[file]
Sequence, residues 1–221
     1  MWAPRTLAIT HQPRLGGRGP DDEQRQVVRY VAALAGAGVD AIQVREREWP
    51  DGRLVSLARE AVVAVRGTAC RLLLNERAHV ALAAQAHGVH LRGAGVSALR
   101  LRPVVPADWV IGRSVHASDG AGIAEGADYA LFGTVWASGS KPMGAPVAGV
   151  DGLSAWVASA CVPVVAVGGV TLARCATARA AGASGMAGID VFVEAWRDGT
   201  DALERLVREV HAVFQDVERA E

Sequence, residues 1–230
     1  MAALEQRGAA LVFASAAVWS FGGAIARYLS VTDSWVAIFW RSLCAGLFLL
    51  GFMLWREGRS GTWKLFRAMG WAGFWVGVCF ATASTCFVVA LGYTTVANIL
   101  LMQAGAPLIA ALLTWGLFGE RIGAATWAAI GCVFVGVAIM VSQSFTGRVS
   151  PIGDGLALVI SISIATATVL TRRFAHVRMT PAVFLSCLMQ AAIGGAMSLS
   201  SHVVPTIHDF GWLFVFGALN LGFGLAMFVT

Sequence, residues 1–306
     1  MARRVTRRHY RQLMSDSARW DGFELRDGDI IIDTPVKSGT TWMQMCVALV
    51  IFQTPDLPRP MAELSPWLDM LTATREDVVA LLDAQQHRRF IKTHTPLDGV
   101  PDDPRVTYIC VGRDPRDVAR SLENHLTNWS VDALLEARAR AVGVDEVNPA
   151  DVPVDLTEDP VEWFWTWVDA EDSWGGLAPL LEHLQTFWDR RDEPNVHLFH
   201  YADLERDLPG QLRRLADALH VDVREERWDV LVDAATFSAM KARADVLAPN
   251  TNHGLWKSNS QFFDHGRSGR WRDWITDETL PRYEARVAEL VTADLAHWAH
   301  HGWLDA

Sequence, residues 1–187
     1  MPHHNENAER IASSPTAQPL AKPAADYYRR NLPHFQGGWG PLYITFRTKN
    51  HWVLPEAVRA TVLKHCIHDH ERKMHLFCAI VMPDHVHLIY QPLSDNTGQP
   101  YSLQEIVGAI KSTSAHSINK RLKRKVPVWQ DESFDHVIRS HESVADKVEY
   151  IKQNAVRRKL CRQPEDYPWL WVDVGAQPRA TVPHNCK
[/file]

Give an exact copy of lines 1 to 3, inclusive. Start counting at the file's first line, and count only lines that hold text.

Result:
Sequence, residues 1–221
     1  MWAPRTLAIT HQPRLGGRGP DDEQRQVVRY VAALAGAGVD AIQVREREWP
    51  DGRLVSLARE AVVAVRGTAC RLLLNERAHV ALAAQAHGVH LRGAGVSALR